ON THE SURFACE, IT’S A FEEL-GOOD STORY: Dudamel’s project, the Youth Orchestra Los Angeles (YOLA), performed alongside pop giants Coldplay, Bruno Mars, and Beyoncé at Super Bowl 50’s halftime show. When the story broke a couple weeks before the big game, numerous outlets sung praises, proclaiming that it was a “touchdown” for classical music and the arts. My Facebook timeline saw share after share after share of this news report: indeed, for a youth orchestra to have a spot on television’s most watched event is a huge freaking deal.[ref]This year’s halftime show produced 111.9 million viewers. For comparison, the series finale of Breaking Bad produced 10.28 million viewers.[/ref]
You get the first shot of the orchestra playing rainbow colored instruments as Chris Martin runs onto the stage, and get a decent shot of Dudamel conducting. There was some cute choreography after that, with lots of jumping.
When I watched this last night, all I could think was:
“This is it? This is a touchdown for classical music? Not even sure this qualifies as a field goal.”[ref]Football jokes, haters gonna hate.[/ref]
What Happens When Style Trumps Substance
Last week, I warned of the triumph of style over substance, and indeed, that happened. Having kids with rainbow colored instruments perform as purely a backdrop for Chris Martin felt cheap–almost exploitative, with no content value. They seemed there mostly to just… be cute.
It was a sobering moment. But the more I thought about it, the more I realized that maybe an appearance at all was the victory.
Scores of music-loving kids able to have their faces on the most watched TV event of the year can’t be a net-negative for music. As The Washington Post points out,
“if the field is really eager to win over young audiences, this is the way to do it. As one girl put it in [a promotional video], other kids were now going to think taking part in YOLA was really cool.”
Maybe what this event did for me is crystallize the harsh truth of our genre: the more realistic approach for true reformation and revitalization of classical music is to infuse the youth culture (i.e. the future) with the aura that classical music is “cool” in the same way that greats like Michael Jordan, LeBron, and now Steph Curry have made basketball a cool sport.
And I think in that, the appearance certainly didn’t fail.
Indeed, kids will think that being invited to the Super Bowl is awesome. Young practitioners of marching band and orchestra will have a little extra “hey, I could still be on a Super Bowl half-time show one day” ammo to defend themselves against the “music is for nerds” crowd that I’m sure most of my readers are familiar with. Hell, Twitter was pretty happy with it.
Look, don’t get me wrong, I’m stoked for any kid to play and dance at an event this big. The show was a great experience for them, and I enjoyed seeing them on the big stage. But for classical music, their appearance didn’t feel like it moved the needle. All of the talk post-Super Bowl has been about Coldplay’s disappointing performance and Beyoncé’s racially empowered segment. Wouldn’t you think that a group of underprivileged kids playing at the biggest event of the year would have garnered at least a moderate amount of mainstream news coverage?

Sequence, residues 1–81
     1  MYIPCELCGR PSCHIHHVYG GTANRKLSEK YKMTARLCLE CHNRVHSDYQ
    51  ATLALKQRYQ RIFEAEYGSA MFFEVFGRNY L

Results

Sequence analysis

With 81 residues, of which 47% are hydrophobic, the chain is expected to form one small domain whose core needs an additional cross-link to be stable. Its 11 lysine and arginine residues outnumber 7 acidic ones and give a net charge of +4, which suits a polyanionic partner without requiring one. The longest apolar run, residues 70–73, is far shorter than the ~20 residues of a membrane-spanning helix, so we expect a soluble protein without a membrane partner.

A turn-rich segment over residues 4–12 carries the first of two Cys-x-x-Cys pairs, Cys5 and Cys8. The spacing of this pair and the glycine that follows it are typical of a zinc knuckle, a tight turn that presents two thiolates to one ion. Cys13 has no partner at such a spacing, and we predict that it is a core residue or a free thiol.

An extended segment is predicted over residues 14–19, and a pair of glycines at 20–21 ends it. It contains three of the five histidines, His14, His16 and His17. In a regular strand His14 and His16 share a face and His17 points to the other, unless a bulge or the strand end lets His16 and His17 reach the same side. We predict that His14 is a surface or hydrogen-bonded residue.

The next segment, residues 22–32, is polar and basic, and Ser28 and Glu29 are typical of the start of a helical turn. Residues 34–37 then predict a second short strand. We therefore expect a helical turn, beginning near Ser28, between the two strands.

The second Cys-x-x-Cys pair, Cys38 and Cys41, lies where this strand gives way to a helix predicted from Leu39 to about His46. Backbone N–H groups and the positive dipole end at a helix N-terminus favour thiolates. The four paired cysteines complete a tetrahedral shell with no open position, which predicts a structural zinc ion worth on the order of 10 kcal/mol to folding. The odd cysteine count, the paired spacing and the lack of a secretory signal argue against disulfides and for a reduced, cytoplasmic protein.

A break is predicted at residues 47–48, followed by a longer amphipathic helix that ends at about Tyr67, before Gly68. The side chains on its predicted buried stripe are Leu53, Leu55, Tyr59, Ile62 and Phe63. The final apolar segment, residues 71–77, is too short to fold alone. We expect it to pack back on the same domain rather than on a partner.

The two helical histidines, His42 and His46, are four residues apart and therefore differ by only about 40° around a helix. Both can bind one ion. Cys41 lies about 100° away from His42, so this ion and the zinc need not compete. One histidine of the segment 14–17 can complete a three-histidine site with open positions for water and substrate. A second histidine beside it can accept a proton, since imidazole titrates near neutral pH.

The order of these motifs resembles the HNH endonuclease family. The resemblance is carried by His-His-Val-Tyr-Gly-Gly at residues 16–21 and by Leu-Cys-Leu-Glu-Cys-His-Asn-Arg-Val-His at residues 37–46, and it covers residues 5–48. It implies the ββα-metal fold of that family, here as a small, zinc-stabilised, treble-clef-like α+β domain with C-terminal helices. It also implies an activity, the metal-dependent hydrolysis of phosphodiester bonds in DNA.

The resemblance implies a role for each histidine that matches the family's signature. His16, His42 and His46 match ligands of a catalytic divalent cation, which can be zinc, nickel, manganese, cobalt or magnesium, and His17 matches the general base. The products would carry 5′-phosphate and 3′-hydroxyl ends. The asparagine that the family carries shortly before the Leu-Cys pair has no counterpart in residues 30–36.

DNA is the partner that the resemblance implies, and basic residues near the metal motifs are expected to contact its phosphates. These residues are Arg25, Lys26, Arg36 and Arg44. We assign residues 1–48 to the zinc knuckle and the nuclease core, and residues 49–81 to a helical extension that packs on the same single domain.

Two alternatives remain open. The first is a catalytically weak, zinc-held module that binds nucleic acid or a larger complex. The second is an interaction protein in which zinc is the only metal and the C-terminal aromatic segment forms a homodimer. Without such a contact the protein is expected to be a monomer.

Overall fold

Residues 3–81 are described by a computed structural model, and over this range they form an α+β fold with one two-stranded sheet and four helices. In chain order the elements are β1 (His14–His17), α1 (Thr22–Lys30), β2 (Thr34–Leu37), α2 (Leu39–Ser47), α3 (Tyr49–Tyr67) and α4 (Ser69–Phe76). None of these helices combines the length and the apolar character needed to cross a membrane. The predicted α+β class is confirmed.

Really, I think most of my frustration comes from a point of dissatisfaction with the state of classical music today. In popular culture, it’s seen as this weird, stuffy, avoid-at-all-costs event.[ref]Explanation for this link: in Modern Family, one of the gags is that the parents of a cello-playing child avoid going to her performance at all costs, but are pleasantly surprised when they find out their kid plays in a rock band and not a classical group. Sigh.[/ref]As I mentioned last week, classical music concert attendance is at an all-time low, and nobody really knows what to do about our situation.
Principally, I worry about the perception that classical music is not sufficient as a standalone to generate hype and excitement among non-musicians culturally–classical music is universally cool as a backdrop to film (Star Wars), or as a comedic TV series (Mozart in the Jungle), or when underprivileged kids get to dance with Beyonce at the Super Bowl. But an orchestra concert by itself, great music by itself: it can’t be the attraction. It’s too boring. Too foreign. Too unintelligible.
I don’t know, man. Was there really no opportunity for a young solo violinist to play a miked up melody of Coldplay’s Viva la Vida with Chris Martin, even if “bow-synced” ala Lindsey Stirling? Did Dudamel really not fight for some feature time with the orchestra where they’re not just dancing, but actually, you know, playing something meaningful as a 3 second star attraction? Thinking about the benefit that small tweak could have had for classical music and its perceptions among youth is a much prettier and meaningful visualization.
I guess what I’ve been grappling with is this:
Is our ceiling as 21st century classical musicians only to be an accessory for pop-culture? Do people outside of the arts really bore of them that easily? Or is this negative perception of classical music what a few executives have foisted upon society, since incorporating an orchestra in a meaningful way to projects can be incredibly expensive and time-consuming?
Maybe Dudamel did fight for his YOLA children to have a more bright and significant spotlight, and just lost. Maybe they didn’t have enough style for that.
Things to ponder.
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